Historical Trends in Predoc and Postdoc Stipends and Average Grant Sizes

May 20 2014 Published by under Uncategorized

A topic of much discussion in many circles relates to appropriate levels for predoctoral and postdoctoral stipends. In order to inform these discussions, I have analyzed historical trends for predoctoral and postdoctoral stipends provided through the National Research Service Award (NRSA) program.

Consider first the predoctoral stipend. In FY1983, this stipend was set at $5292 per year. Based on my personal experience, this was somewhat (although not dramatically) lower than the stipends provided by many Ph.D. programs. Starting in FY1985, NIH began to make a series of adjustments to move this stipend to a level that more closely reflected stipends being provided in graduate programs (and to make these stipends more consistent with the cost of living in many areas). These adjustments continued through 1998 and the beginning the NIH budget doubling, when more substantial corrections were made. At the end of the doubling with the associated nearly flat budgets, no adjustments were made although modest adjustments have been made in recent years. These stipend levels are compared with those derived by inflation adjustment of the FY1983 levels below:

Predoc Stipend

This shows that the stipend increases substantially exceeded inflation based on the FY1983 value. However, as noted above, the base value was relatively low. Based on the FY2013 level, the corresponding level for FY1983, correcting backwards for inflation, would be $9430.

The first-year postdoctoral NRSA stipend for FY1983 was $14040 (more than 2.6 times the predoctoral stipend level). Modest adjustments were made starting in FY1985 until the doubling when more substantial changes were made (e.g. $21000 to $26250 from FY1998 to FY1999). These adjustments continued through the doubling with more modest adjustments over the past decade. The results compared with those based on inflation of the FY1983 are shown below:

Postdoc stipend

Since most predoctoral and postdoctoral stipends are paid from research grants and not from training grants or fellowships (but these NRSA levels are frequently used as guidelines for other stipend levels), a key point of comparison involves changes in the sizes of Research Project Grants (RPGs) over this same time period. In FY1983, the average annual total cost (TDC) for an RPG was $124,080. The RPG average size increased steadily through FY2012 before dropping somewhat in FY2013 (associated with the sequester cut). The RPG cost data are compared with the FY1983 value corrected for inflation or corrected for the BRDPI (Biomedical Research and Development Price Index) below:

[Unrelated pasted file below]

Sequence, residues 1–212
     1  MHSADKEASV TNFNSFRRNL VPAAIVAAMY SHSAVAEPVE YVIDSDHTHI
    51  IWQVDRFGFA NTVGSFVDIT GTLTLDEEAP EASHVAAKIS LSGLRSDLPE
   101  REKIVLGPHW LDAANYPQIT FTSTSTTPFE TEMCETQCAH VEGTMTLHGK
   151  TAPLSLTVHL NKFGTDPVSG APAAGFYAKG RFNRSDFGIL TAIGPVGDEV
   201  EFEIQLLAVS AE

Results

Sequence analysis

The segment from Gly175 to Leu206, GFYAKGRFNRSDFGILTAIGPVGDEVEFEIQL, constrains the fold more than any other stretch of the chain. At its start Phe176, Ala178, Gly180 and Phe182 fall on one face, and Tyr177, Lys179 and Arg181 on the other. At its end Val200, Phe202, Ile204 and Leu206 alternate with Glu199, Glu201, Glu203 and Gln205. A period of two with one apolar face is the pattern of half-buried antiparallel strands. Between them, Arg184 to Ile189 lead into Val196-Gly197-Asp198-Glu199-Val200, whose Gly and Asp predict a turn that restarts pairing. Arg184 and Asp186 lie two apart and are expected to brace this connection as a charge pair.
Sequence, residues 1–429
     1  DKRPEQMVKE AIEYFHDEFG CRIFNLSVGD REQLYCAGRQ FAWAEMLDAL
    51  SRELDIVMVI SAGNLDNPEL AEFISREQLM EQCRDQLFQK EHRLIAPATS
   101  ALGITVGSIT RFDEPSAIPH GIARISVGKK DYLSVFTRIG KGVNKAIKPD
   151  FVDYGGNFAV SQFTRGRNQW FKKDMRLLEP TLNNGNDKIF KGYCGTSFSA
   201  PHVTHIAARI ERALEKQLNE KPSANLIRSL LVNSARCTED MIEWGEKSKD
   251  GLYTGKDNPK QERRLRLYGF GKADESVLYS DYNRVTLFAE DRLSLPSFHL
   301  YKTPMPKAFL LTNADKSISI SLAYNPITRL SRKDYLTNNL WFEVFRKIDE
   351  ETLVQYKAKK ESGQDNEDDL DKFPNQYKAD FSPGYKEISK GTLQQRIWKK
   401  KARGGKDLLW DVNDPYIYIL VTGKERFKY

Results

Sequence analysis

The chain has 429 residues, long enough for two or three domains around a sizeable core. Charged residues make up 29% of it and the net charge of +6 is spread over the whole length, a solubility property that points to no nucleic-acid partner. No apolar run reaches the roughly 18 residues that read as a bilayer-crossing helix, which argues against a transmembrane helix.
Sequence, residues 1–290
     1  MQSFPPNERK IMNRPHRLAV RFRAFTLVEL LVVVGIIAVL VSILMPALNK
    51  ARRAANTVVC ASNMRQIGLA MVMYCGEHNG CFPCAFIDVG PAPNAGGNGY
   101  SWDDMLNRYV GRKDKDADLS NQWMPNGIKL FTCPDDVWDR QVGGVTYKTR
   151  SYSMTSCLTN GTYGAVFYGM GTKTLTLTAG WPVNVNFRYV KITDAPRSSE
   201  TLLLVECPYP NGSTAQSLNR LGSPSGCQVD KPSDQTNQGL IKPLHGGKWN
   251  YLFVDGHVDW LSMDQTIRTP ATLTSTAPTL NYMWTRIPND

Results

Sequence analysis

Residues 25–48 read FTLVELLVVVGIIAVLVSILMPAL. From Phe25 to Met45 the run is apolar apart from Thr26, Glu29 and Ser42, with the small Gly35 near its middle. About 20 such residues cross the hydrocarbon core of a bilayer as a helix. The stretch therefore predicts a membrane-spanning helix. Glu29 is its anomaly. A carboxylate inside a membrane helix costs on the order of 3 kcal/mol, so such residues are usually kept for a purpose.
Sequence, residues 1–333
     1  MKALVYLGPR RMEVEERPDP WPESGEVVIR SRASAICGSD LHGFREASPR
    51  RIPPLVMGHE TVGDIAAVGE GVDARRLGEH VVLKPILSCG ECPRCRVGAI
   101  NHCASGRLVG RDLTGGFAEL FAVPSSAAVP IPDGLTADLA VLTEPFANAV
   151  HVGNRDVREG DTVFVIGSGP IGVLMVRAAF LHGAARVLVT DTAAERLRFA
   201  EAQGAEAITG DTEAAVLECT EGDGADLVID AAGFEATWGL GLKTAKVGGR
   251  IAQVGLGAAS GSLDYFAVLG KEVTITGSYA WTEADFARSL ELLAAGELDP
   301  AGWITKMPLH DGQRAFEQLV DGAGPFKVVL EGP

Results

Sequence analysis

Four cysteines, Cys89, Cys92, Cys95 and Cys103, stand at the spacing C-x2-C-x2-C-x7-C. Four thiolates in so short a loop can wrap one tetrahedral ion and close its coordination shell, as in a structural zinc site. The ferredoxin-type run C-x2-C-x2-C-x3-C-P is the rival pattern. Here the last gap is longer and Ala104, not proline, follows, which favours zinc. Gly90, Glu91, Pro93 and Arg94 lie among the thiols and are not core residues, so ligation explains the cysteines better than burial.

RPG plot 3 curves

The average RPG size increased faster than either inflation or BRDPI over this period. However, a couple of caveats are appropriate. First, while the average size has increased, I do not know how the distribution of grant sizes has changed over this period of time. For example, it could be that the increase in the average size has been driven substantially by increases in the sizes of large grants while the sizes of many grants near the median may not have increased as much. This is a hypothesis that must be investigated further.

The changing stipend levels can be compared with the changing average RPG level by looking at the ratio of the stipend levels to the inflation-corrected value for each year divided by the ratio of the RPG average value to the BRDPI-corrected value as shown below:

Predoc-Postdoc ratio vs RPG

This plot confirms that the predoctoral stipend level (corrected for inflation) has grown faster than the level of the RPG average size. In contrast, the postdoctoral stipend did not rise as fast as the average RPG size increased until the increase in the postdoctoral stipend associated with the doubling.

This figure reveals three phases. In the first phase, from approximately 1983 to 1997, the predoctoral stipend grew slightly faster than the average RPG growth while the postdoctoral stipend grew more slowly than the average RPG size.

In the second phase (from 1998 to 2003 (that is, the period of the NIH budget doubling), the growth in the postdoctoral and, particularly, the predoctoral stipend exceeded that for the average RPG size. The predoctoral stipend increased by 70% from $11748 in 1998 to $19968 in 2003 while the postdoctoral stipend increased by 63% from $21000 in 1998 to $34200. Corrected for inflation, these changes amount to 51% for the predoctoral stipend and 44% for the postdoctoral stipend. Over this same period of time, the average RPG size increased from $277700 to $379900, an increase of 37%, or 16% correcting for BRDPI.

The third phase runs from 2004 to the present.  During this period, growth in both stipends and average RPG size has been relatively modest. Predoctoral stipends increased by 6% from $20772 to $22032. This is a drop in value of 14% correcting for inflation. The postdoctoral stipend increased from by 10% $35568 to $39264. This is a drop in value of 10% correcting for inflation. Over the same period, the average RPG size increased from $393700 to $444900. This an increase of 13% but a drop in value of 15% correcting for BRDPI. Thus, the balance between stipend levels and RPG size has been approximately maintained but with a slight loss in relative RPG size due to the larger effect of BRDPI versus normal inflation.

13 responses so far

  • drugmonkey says:

    I think you need a factor for the slight increase in grants-per-PI as well. We really need to know this (or aggregate grant funding per PI would be better) to better show how increases in trainee stipends drive the accumulation of more research dollars in each lab.

  • datahound says:

    I am not sure that I understand the question. Are you interested in concentration of resources in particular laboratories or the role of stipend increases in driving up the overall cost of research (or something else)?